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From Bitcoin and Ethereum to Dogecoin and Tether, there are thousands of different cryptocurrencies, making it overwhelming when you’re first getting started in the world of crypto. To help you get your bearings, these are the top 10 cryptocurrencies based on their market capitalization or the total value of all the coins currently in circulation.
What Are Cryptocurrencies?
A cryptocurrency is a digital asset that can circulate without the centralized authority of a bank or government. To date, there are 22,541 cryptocurrency projects out there that represent the entire $1 trillion crypto market.
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1. Bitcoin (BTC)
- Market cap: $426.9 billion
Created in 2009 by Satoshi Nakamoto, Bitcoin (BTC) is the original cryptocurrency. As with most cryptocurrencies, BTC runs on a blockchain, or a ledger logging transactions distributed across a network of thousands of computers. Because additions to the distributed ledgers must be verified by solving a cryptographic puzzle, a process called proof of work, Bitcoin is kept secure and safe from fraudsters.
Bitcoin’s price has skyrocketed as it’s become a household name. In May 2016, you could buy one Bitcoin for about $500. As of Feb. 14, 2023, a single Bitcoin’s price was around $22,128. That’s a growth of 4,326%.
Related: How To Buy Bitcoin
2. Ethereum (ETH)
- Market cap: $189.7 billion
Both a cryptocurrency and a blockchain platform, Ethereum is a favorite of program developers because of its potential applications, like so-called smart contracts that automatically execute when conditions are met and non-fungible tokens (NFTs).
Ethereum has also experienced tremendous growth. From April 2016 to the end of February 2023, its price went from about $11 to around $1,550, increasing 13,991%.
Related: How To Buy Ethereum
3. Tether (USDT)
- Market cap: $69.2 billion
Unlike some other forms of cryptocurrency, Tether (USDT) is a stablecoin, meaning it’s backed by fiat currencies like U.S. dollars and the Euro and hypothetically keeps a value equal to one of those denominations. In theory, this means Tether’s value is supposed to be more consistent than other cryptocurrencies, and it’s favored by investors who are wary of the extreme volatility of other coins.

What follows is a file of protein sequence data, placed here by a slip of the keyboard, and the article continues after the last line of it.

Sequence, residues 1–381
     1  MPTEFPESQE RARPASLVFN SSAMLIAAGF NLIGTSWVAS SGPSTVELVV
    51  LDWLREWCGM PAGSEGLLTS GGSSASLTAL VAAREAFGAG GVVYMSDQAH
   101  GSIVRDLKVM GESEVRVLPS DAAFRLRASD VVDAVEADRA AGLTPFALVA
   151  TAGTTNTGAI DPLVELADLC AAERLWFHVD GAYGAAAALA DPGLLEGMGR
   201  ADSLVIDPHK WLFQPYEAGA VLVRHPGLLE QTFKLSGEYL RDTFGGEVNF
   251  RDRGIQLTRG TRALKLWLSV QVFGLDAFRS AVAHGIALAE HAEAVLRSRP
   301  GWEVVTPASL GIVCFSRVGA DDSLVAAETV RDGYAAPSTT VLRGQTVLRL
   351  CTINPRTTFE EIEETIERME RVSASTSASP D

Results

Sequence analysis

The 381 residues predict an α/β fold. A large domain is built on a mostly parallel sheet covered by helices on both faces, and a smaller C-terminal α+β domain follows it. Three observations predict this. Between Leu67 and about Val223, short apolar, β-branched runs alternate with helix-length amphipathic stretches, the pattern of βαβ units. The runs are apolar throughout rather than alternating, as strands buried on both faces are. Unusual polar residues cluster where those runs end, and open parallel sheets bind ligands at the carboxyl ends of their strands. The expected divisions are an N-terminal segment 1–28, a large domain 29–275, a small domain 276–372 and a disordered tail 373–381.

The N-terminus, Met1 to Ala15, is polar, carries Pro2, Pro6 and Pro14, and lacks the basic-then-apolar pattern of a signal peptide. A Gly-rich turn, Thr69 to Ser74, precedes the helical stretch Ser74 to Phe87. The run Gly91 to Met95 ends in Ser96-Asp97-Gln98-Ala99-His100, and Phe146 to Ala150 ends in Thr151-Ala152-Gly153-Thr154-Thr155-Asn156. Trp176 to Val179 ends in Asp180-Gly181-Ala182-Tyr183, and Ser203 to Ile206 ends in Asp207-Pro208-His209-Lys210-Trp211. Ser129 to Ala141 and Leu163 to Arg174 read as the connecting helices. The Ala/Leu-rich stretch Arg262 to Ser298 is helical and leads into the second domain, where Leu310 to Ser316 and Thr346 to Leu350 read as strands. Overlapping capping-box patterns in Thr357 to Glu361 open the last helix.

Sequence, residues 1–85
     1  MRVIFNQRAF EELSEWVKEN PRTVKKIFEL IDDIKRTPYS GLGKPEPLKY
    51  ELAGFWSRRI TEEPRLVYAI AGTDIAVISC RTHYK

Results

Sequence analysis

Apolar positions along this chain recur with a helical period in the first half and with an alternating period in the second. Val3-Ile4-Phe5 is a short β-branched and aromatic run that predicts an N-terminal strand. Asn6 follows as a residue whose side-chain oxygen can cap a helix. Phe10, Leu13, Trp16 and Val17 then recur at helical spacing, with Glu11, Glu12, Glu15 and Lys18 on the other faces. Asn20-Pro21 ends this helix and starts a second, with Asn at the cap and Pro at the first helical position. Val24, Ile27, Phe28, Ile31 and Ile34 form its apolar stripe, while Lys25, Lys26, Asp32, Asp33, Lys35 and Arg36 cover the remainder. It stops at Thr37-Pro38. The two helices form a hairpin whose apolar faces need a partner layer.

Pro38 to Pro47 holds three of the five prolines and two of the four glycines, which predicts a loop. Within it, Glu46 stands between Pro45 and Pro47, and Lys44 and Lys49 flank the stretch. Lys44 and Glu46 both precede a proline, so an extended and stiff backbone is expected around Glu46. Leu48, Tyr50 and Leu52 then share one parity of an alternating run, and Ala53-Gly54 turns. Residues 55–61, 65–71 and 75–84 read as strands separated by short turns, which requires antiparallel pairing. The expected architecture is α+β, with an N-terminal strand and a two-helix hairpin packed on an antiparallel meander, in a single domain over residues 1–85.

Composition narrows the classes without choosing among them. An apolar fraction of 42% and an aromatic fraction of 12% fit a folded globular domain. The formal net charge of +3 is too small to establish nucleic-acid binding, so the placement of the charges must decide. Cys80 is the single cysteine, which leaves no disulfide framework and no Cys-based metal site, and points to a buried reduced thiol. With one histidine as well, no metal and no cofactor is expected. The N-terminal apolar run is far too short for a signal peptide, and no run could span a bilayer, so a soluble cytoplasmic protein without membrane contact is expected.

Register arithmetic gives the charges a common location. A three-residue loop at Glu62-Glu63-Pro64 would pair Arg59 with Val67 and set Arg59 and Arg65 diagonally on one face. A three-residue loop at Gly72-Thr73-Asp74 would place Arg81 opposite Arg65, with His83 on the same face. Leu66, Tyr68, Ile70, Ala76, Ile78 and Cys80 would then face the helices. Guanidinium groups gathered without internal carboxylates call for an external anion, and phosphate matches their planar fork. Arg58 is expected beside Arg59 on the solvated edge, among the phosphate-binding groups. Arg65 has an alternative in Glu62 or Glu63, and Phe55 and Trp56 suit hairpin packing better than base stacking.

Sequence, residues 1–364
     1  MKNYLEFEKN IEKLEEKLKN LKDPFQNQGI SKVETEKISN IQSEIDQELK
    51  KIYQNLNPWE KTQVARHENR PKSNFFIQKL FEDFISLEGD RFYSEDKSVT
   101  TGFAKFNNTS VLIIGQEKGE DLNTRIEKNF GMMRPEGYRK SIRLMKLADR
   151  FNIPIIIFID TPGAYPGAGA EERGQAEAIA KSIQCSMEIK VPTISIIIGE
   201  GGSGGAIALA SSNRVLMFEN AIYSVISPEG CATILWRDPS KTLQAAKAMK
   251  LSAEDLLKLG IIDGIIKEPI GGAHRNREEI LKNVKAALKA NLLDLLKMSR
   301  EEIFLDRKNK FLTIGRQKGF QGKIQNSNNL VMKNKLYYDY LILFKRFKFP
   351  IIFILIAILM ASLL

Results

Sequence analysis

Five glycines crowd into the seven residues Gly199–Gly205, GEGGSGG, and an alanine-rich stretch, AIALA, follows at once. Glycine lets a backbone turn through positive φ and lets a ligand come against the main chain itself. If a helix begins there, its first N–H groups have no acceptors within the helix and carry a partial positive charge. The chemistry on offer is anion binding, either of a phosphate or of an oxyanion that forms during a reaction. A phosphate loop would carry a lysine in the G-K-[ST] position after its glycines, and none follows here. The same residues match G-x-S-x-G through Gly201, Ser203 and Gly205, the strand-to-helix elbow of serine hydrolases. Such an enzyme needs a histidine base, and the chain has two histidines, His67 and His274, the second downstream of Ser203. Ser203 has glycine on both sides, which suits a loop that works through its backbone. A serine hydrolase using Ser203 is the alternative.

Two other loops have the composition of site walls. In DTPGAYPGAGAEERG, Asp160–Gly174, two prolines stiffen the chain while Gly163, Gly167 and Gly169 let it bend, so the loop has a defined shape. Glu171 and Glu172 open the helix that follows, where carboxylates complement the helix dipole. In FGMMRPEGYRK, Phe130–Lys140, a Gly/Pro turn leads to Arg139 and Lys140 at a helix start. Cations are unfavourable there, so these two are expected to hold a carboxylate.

4. Binance Coin (BNB)
- Market cap: $46.9 billion
Binance Coin (BNB) is a form of cryptocurrency that you can use to trade and pay fees on Binance, one of the largest crypto exchanges in the world. Since its launch in 2017, Binance Coin has expanded past merely facilitating trades on Binance’s exchange platform. Now, it can be used for trading, payment processing or even booking travel arrangements. It can also be traded or exchanged for other forms of cryptocurrency, such as Ethereum or Bitcoin.
BNB’s price in 2017 was just $0.10. By late February 2023, its price had risen to around $297, a gain of 296,645%.
Related: How To Buy Cryptocurrency
5. U.S. Dollar Coin (USDC)
- Market cap: $41.2 billion
Like Tether, USD Coin (USDC) is a stablecoin, meaning it’s backed by U.S. dollars and aims for a 1 USD to 1 USDC ratio. USDC is powered by Ethereum, and you can use USD Coin to complete global transactions.
6. XRP (XRP)
- Market cap: $19.1 billion
Created by some of the same founders as Ripple, a digital technology and payment processing company, XRP can be used on that network to facilitate exchanges of different currency types, including fiat currencies and other major cryptocurrencies.
At the beginning of 2017, the price of XRP was $0.006. As of Feb. 14, 2023, its price reached $0.38, equal to a rise of 6,181%.
7. Binance USD (BUSD)
- Market cap: $15.6 billion
Binance USD (BUSD) is a stablecoin that Paxos and Binance founded to create a cryptocurrency backed by the U.S. dollar. To maintain this value, Paxos holds an amount of U.S. dollars equal to the total supply of BUSD. As with other stablecoins, BUSD gives traders and crypto users the ability to engage in transactions with other crypto assets while minimizing the risk of volatility.
8. Cardano (ADA)
- Market cap: $13.3 billion
Somewhat later to the crypto scene, Cardano (ADA) is notable for its early embrace of proof-of-stake validation. This method expedites transaction time and decreases energy usage and environmental impact by removing the competitive, problem-solving aspect of transaction verification in platforms like Bitcoin. Cardano also works like Ethereum to enable smart contracts and decentralized applications, which ADA, its native coin, powers.
Cardano’s ADA token has had relatively modest growth compared to other major crypto coins. In 2017, ADA’s price was $0.02. As of Feb. 14, 2023, its price was at $0.38. This is an increase of 1,815%.
9. Dogecoin (DOGE)
- Market cap: $11.0 billion
Dogecoin was famously started as a joke in 2013 but rapidly evolved into a prominent cryptocurrency thanks to a dedicated community and creative memes. Unlike many other cryptos, there is no limit on the number of Dogecoins that can be created, which leaves the currency susceptible to devaluation as supply increases.
Dogecoin’s price in 2017 was $0.0002. By February 2023, its price was at $0.08, up 41,496%.
10. Polygon (MATIC)
- Market cap: $10.8 billion